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Petraeus bids farewell to military, but not to Washington

WASHINGTON — If Gen. David Petraeus was America’s most popular soldier, he owes that in large part to his prominent presence in the Washington scene.

It showed on Wednesday.

From NBC’s Tom Brokaw and “Meet the Press” host David Gregory to, well, Montel Williams, a slew of famous media faces and former generals-turned-television analysts came to wish Petraeus well in retirement, as he hangs up the uniform and prepares to take the CIA director’s chair a few miles down the river in Langley, Va.

Since before he made his name commanding the Iraq surge, one of the biggest criticisms of Petraeus was that he actively cultivated the press corps and courted select power circles in his efforts to transform the military and the perception of it as a counterinsurgency-capable force.

As a result, of all the top defense leaders cycling out this summer, only former Defense Secretary Robert Gates attracted a more impressive guest list at his retirement. Gates had President Barack Obama, but he had no Montel.

In Washington, Petraeus’ uniformed career will best be remembered for his many moments under the lights, such as his first congressional hearing on Iraq, where he sweated for hours in a room packed with media; when he passed out from dehydration while under questioning in the Senate; and when he stood in silence next to the president in the Rose Garden, as the world — and Petraeus’ wife — learned he had been agreed to take command of the Afghanistan War in 2010.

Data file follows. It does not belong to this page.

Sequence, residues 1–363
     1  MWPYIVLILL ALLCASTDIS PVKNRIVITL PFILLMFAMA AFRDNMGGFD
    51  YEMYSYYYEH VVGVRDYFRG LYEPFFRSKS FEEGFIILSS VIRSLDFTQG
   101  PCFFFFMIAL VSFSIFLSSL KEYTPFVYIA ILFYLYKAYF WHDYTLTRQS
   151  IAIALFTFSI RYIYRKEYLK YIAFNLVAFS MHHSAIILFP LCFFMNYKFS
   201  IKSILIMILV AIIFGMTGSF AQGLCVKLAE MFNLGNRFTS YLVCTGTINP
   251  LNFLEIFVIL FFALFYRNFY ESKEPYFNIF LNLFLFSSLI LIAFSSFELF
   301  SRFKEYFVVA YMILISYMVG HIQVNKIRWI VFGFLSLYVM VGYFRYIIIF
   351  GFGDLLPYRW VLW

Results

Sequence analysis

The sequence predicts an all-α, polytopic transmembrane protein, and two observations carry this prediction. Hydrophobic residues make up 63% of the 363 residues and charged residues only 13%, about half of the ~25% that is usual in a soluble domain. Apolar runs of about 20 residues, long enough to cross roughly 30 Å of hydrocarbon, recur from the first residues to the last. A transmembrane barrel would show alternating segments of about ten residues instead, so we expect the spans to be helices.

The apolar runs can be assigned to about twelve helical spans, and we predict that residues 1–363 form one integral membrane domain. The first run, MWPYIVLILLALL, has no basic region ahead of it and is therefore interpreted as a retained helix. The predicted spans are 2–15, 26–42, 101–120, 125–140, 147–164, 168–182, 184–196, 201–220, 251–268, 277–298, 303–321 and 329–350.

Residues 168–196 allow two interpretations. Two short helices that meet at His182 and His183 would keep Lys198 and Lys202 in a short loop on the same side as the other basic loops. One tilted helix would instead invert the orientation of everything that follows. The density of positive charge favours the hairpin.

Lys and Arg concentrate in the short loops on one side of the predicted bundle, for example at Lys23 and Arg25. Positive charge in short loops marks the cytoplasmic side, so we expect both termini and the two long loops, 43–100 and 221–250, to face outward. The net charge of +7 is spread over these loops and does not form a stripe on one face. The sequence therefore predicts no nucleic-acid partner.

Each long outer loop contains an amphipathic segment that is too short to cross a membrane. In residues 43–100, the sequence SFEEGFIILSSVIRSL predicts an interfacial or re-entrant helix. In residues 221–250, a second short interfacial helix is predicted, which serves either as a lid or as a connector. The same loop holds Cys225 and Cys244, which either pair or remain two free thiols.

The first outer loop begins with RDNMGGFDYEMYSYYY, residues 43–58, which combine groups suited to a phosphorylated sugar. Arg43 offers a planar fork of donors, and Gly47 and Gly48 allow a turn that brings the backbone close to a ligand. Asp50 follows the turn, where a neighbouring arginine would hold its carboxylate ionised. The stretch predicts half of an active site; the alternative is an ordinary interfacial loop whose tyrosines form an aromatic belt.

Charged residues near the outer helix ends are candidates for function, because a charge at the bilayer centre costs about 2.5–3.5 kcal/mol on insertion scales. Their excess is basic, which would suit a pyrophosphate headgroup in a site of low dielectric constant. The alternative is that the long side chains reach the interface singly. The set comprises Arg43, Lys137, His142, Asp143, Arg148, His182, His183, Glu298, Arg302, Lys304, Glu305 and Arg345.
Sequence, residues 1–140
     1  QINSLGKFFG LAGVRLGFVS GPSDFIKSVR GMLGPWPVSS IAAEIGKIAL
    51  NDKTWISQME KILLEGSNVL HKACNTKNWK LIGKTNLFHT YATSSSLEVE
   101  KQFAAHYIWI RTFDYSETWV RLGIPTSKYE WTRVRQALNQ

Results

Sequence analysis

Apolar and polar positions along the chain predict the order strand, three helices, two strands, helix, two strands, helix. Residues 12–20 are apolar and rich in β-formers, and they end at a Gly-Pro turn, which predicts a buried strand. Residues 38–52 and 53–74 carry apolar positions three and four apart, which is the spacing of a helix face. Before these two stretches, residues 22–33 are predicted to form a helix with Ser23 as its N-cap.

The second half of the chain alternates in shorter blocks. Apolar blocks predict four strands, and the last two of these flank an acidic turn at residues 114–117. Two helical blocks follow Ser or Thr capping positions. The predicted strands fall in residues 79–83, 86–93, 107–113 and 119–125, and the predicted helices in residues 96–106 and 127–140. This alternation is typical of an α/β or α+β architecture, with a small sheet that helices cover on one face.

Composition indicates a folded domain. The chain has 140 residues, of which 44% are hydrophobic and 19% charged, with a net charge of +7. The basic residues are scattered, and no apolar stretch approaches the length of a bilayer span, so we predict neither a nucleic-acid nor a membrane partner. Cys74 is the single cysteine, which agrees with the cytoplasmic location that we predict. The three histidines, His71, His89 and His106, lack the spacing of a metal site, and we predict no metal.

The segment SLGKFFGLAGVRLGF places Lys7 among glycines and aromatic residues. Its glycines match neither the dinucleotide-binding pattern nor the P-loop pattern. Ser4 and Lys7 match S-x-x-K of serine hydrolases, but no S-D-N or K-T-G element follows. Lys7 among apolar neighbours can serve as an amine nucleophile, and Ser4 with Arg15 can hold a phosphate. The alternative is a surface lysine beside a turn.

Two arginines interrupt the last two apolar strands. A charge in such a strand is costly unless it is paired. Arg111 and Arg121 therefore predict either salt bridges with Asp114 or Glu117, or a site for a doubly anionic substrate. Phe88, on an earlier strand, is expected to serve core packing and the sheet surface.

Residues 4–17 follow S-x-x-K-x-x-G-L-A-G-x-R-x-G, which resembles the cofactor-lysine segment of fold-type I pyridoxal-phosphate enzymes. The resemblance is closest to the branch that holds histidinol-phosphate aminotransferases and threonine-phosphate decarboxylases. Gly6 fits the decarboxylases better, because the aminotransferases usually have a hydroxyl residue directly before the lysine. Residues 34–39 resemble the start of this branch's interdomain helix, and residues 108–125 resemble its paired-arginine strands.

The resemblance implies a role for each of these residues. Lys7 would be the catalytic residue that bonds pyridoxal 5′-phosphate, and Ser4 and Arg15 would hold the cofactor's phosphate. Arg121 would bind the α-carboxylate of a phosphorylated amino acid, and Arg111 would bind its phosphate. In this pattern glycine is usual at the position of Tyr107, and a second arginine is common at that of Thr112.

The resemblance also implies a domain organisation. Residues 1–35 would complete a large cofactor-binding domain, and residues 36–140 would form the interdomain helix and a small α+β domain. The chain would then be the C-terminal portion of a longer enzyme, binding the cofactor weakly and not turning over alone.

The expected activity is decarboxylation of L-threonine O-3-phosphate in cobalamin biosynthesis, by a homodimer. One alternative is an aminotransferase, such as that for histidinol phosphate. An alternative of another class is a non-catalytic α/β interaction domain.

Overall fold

For years, Petraeus has flown into Washington from the war zones to make headline appearances at think tanks, where he’d explain, often with excruciating numbers of PowerPoint slides, basic war strategies and why the U.S. needed to press forward. By early 2009, reporters would flock to his every visit, often plucking news from off-the-cuff comments in a hallway gaggle with the general.

But the more Petraeus visited Washington, the better he became at not making news, especially under the Obama administration. Reporters were anxious to ask how the Iraq War would end or why the Afghanistan War seemed to be stalled in its first year under Obama, but Petraeus became less accessible and less likely to engage in those informal sessions.

In the Pentagon, many troops adore Petraeus like a rock star. His post-retirement reception in the officers club was attended by retired generals Barry McCaffrey, Wesley Clark and John “Jack” Keane, as well as generals recently from Afghanistan commands and retired Sen. John Warner, former chairman of the Armed Services Committee. They know, Petraeus may be retired, but he’s not done yet.

“When it comes to the art of the possible, there is General Dave Petraeus, and then there is everybody else,” said Chairman of the Joint Chiefs of Staff Adm. Mike Mullen. “Quite simply, General David Petraeus has set the gold standard for wartime command in the modern era.”

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